Film Fanatics: ‘Priscilla’ is not afraid of honesty

Priscilla and Elvis in Coppola’s depiction of their wedding day. Photo courtesy of Observer.


“Film Fanatics” focuses on the latest and greatest cinema has to offer. Ranging from the newest movies in theaters to familiar favorites, enjoy thoughtful reviews that inspire further reflection or several rewatches. Read on to discover a new favorite film

Nearly a year after the triumphant release of “Elvis”, the Presley story is being retold through Priscilla Presley’s formidable perspective. Sofia Coppola’s newest film, “Priscilla”, follows Elvis’s wife as she grapples with their unorthodox relationship and newfound stardom. The film has ignited enthusiasm and controversy alike, with some believing it unjustifiably depicts Elvis Presley as a villain. The Elvis Estate has openly expressed its distaste for the film and Coppola herself. Coppola’s response is simple: “I’m not making it for them.” 

The movie opens in 1959 on a military post in West Germany, where 14-year-old Priscilla Beaulieu — portrayed by Cailee Spaeny — lives while her father serves as an Air Force officer. There, she meets Elvis — portrayed by Jacob Elordi — and they almost instantly begin a strange sort of unlabeled romantic relationship. Priscilla allows the parties at Elvis’s house to overshadow all other areas of her life as she becomes engrossed in the youthful exhilaration of dating him. This would be an incredibly authentic portrait of naive teenage love — except one of them is 24. 

Instead of emphasizing the problematic grounds of the relationship, Coppola merely presents it to the audience and allows them to interpret it freely. The film is not an assault on Elvis’s character; rather, it is an exploration of the way his life influenced Priscilla’s, which was completely. Within the first half of the film, the audience watches her struggle with her life in West Germany, move into the Graceland estate and graduate high school. Throughout this period of adolescence, she constantly longs to be beside Elvis, which she seldom is. Instead, she peers into his life through magazines, occasional phone calls and even more infrequent visits.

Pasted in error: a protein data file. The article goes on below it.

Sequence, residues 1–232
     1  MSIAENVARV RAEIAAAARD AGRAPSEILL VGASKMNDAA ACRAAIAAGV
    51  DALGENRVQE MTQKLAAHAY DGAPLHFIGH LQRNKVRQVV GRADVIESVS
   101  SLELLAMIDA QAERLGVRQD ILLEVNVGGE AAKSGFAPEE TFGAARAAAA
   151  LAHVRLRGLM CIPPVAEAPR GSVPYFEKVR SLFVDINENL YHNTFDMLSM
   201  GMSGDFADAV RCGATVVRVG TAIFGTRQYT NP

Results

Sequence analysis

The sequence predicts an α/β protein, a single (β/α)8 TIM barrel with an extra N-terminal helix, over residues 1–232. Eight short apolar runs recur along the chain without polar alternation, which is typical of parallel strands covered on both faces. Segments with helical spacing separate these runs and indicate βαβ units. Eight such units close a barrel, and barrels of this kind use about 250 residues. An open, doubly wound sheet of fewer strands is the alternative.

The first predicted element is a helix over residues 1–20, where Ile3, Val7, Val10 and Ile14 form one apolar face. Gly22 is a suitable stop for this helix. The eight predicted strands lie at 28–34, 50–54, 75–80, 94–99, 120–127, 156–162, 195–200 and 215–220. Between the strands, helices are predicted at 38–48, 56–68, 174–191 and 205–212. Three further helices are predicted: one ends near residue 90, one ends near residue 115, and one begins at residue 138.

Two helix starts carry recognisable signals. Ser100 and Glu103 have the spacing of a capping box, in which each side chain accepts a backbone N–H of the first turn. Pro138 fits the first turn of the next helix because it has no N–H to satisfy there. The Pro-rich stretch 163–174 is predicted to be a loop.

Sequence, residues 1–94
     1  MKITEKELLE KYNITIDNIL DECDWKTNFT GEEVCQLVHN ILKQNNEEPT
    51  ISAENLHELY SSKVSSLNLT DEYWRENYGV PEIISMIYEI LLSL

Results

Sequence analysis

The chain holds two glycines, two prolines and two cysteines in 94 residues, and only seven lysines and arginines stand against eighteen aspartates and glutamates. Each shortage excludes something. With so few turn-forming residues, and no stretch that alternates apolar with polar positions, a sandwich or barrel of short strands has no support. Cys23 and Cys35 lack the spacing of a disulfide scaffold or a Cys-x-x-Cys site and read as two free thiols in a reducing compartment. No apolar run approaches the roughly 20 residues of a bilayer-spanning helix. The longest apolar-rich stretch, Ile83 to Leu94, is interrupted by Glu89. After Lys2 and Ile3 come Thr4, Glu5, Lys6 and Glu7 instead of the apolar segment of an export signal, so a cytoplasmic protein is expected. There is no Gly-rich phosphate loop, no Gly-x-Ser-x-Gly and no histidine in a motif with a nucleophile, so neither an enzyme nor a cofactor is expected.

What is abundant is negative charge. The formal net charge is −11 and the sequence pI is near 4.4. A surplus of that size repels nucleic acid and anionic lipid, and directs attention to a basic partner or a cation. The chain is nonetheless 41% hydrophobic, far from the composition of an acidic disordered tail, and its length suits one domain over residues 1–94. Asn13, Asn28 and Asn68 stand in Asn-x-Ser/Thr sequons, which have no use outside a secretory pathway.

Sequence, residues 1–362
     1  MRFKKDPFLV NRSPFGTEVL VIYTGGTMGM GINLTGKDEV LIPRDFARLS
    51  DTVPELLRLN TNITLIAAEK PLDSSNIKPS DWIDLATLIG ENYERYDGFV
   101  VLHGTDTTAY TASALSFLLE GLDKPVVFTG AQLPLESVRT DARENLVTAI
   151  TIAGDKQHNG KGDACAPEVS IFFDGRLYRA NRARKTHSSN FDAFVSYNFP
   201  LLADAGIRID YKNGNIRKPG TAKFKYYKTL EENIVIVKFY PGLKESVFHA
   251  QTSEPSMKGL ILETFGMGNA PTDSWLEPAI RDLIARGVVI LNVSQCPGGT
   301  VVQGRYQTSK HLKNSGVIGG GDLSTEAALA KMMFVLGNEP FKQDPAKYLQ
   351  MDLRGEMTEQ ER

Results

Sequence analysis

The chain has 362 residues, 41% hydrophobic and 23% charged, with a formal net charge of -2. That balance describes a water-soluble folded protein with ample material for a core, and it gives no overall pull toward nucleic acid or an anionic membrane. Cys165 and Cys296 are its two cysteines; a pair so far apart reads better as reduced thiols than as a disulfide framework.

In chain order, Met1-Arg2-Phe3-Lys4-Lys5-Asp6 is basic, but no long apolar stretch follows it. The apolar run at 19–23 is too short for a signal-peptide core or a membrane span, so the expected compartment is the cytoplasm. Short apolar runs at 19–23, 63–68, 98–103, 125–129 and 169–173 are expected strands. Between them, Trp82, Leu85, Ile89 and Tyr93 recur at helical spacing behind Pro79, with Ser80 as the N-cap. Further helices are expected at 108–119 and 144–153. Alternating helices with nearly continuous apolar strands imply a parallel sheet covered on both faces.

If Baz Luhrmann’s “Elvis” is a depiction of the superstar’s loud, chaotic and always evolving life, “Priscilla” is a quiet portrait of the girl watching that life from afar. Coppola relishes in silent scenes and long shots of Priscilla alone. When Elvis is present, the intensity of the film is amplified. The film looks at the various kinds of cruelty Priscilla endures at the hands of Elvis, such as instances of intentional violence, encouragement of drug use and emotional manipulation. It does this with a focus on his impact on Priscilla rather than an exaggeration or over-vilification of Elvis. Their relationship is depicted with great complexity and attention to detail, which could be attributed to the film following Priscilla Presley’s account in her book “Elvis and Me”, as well as Priscilla Presley’s own role as executive producer of the film. 

After years of abuse and isolation, Priscilla begins to rebuild her life without Elvis’s influence over what she does, wears or thinks. Her fight for autonomy is won when she leaves Elvis in a brief and quiet scene that emphasizes just how broken they both are. With two hands on the steering wheel, Priscilla drives herself out of the gates of Graceland. 

“Priscilla” shows what “Elvis” left out in a sophisticated and bold portrayal of their relationship. Coppola approaches the film with sensitivity and bravery, allowing Priscilla’s suffering to exist without needing to justify Elvis’s behavior. Spaeny’s portrayal of Priscilla is certainly a highlight of the film, earning her the award of Best Actress at the Venice Film Festival. Due to its controversial nature, Coppola’s “Priscilla” invites a wide variety of reactions. The only way to decide for one’s self is to join Priscilla in the quiet suffering and deceptive utopia that is Graceland. 

Coppola’s “Priscilla” is currently available to see at theaters nationwide. 


Related posts